Yesterday was a transformative day for me. I was invited to speak at an amazing event - the #upfront confidence celebration and diversity party hosted by its amazing founder - my dearest friend, Lauren Currie aka Redjotter. And so I did. I stepped up front for the first time in my new look. Most of the speakers were also taking a similar big step to go on stage to speak about something they feel passionate about - also for the first time.
In many ways you could say that #upfront is about bravery. I saw people take one first step after another to becoming something they want to be. Someone with the power and confidence to speak out in front of an audience. Building that belief in themselves that what they have to say is worthwhile, and feeling that confidence grow in themselves to know that others will want to listen to them.
When I was first invited by Lauren I felt a bit of a fraud. I have no trouble with public speaking, ever since I won the public speaking prize at school. I have had lots of practice ever since. Most recently championing the case of my charity, WorkingRite, for the needs of late teenagers to have the chance to get to get a job, even if they haven't done well at school, or don't want to go down the path of more qualifications and classrooms into their mid 20's. Oh dear. Don't get me started. As a society we have we got the educational needs of our young people so wrong. Endless tests from early childhood onwards, and as I heard recently from my good friend and colleague, Mags - homework each night for six year olds! WTF
The first speaker at the #upfront party was Leila Willingham - 17 years old. What a gifted young woman. But afterwards she told me that she and her friends feel under so much pressure to study for countless exams in order to secure that perfect career path. Anyone reading this over 40 - answer me this question: are you doing now what you wanted to do when you were 16? So far almost none have answered yes. Most didn't have clue at that age. So what are we doing as a society inflicting this fear in young people that if they don't pass their exams with the perfect grades, their future is ruined? When in truth if the follow the route the education establishment wishes for them, they have a high likelihood ending up with a degree that employers are less than impressed with, without the work experience that employers would be impressed with, and a debt around their shoulders for decades to come.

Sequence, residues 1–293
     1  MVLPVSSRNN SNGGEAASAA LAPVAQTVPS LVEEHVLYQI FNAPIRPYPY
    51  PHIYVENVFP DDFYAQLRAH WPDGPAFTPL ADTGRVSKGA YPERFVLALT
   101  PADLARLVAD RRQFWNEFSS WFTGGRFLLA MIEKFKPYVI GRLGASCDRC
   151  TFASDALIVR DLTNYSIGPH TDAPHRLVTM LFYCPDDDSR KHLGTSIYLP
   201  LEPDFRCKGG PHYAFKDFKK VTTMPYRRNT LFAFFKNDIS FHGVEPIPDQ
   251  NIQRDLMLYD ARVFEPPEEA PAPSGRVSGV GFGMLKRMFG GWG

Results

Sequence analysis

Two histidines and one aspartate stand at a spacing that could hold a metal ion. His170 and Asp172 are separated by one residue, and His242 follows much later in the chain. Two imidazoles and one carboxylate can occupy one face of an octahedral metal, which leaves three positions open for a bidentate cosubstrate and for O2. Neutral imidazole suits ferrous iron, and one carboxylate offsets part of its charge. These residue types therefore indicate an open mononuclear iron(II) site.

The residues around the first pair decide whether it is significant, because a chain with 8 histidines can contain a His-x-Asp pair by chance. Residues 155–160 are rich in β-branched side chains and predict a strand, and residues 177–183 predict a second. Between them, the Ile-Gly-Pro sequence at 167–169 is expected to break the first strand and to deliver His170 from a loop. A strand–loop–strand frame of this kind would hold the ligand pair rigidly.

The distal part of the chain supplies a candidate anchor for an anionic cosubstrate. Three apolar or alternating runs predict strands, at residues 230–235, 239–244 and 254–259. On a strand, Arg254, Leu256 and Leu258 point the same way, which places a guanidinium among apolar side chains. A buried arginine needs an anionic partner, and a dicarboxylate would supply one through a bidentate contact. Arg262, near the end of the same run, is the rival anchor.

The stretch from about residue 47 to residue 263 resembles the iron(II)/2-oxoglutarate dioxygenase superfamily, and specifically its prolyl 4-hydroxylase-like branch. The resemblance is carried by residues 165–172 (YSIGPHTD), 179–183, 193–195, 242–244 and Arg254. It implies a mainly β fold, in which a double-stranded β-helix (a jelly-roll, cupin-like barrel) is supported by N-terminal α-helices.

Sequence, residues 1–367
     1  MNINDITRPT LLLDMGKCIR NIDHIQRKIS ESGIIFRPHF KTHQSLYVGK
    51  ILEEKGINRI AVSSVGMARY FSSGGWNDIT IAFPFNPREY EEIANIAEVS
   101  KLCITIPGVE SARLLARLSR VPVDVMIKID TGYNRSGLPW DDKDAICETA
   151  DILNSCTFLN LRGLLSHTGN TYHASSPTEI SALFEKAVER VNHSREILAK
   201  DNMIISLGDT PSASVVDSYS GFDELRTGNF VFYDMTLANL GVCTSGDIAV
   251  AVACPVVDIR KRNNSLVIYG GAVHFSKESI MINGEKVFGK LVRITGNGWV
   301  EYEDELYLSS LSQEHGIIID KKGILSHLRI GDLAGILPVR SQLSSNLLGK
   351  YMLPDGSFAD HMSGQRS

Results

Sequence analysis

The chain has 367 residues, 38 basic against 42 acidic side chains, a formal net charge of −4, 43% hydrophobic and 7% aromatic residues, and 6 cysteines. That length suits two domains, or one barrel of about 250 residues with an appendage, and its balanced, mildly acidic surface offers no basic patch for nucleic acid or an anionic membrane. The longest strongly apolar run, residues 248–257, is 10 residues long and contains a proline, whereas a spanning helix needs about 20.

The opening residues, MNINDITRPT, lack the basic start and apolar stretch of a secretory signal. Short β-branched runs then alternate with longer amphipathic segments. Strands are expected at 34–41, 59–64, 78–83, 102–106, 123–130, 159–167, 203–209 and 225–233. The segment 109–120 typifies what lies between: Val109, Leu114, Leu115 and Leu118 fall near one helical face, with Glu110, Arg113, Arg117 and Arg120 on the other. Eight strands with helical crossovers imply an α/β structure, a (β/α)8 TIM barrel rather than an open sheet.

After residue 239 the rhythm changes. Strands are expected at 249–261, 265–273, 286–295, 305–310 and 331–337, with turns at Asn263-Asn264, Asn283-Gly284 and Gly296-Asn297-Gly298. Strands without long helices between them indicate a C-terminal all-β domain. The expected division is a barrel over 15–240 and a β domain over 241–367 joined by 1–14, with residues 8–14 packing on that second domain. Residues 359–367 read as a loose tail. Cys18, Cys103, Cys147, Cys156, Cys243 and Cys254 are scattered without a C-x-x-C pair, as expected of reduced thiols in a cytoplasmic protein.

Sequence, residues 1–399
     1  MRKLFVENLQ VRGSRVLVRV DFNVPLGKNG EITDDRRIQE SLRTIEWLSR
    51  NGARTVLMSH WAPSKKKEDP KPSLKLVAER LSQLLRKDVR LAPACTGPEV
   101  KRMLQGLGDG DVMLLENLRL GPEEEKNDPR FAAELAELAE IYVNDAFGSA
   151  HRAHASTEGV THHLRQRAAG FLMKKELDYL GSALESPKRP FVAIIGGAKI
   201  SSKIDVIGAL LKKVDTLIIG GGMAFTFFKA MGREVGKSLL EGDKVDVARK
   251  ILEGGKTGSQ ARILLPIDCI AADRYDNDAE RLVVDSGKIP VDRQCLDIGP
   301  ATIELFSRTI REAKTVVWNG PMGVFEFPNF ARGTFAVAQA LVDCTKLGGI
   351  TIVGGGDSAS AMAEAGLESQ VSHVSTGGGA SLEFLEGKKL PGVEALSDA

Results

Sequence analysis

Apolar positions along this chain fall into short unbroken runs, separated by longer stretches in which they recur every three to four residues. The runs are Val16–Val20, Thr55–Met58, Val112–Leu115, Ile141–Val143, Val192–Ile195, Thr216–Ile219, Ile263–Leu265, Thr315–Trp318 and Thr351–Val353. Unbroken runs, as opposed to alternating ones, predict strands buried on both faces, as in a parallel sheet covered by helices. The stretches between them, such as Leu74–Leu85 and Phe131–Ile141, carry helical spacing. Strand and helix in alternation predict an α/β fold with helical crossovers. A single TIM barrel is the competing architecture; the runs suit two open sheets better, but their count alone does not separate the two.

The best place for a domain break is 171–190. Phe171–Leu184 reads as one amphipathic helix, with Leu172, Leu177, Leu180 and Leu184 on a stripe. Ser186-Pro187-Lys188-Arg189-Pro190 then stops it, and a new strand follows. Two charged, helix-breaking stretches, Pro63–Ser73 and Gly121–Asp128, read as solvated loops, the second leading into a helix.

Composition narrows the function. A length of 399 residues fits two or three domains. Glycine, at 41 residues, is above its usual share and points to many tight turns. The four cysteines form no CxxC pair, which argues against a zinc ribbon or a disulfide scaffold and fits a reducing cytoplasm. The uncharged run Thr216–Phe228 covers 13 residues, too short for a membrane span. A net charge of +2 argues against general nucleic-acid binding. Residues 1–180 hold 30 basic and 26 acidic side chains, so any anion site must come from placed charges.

But back to 'bravery'. One the most common responses I have received in my journey this last year is to applaud my bravery. On one level they are right. There have been many times when I have felt scared to face the world in my new look. But I question - what am I afraid of? In truth I recognise that fear from my childhood and my early experiences of being bullied. In the process of turning that around I learned in my teenage years how to fit in. Many men have learned to do that. We are an intolerant gender in our boyhoods. The human need to belong, coupled with the narrow acceptance rules fiercely policed by the 'gang' are enough to make any boy scared of the consequences of standing out from their peer group.
And stand out I most certainly do; choosing as I did last year, to be out as a goaty bearded cross dresser at 60. And therein is the clue that makes me question whether it is actually brave. Did I choose? Did I really have any choice? You could say that I had the choice to choose to not be myself; something I had in fact been doing for decades. But in the last few years that choice became no longer available to me. I believe that the search for 'the truth' is part of the human condition, coupled with curiosity, inquiry, and the drive to use our intelligence to solve the worlds ills through science and discovery.
For me it has been a search for my own truth. While many parts of me were thriving, there was this other part which stubbornly refused to be suppressed. Once I had committed myself to a personal integration; to bring all my facets into one whole, the option of choice became narrower and narrower. Once on the path, did I really have the choice to go backward; to unlearn what I had learned? So maybe what I am saying is that I had no choice but to be brave. Or perhaps, to paraphrase the famous words of Frankin D Roosevelt - The only thing I had to fear, was fear itself. But throughout my recent journey some words of a wise man I was once close to have been my companion along my path: my guiding star. When you are truly free, there is only one thing you can do.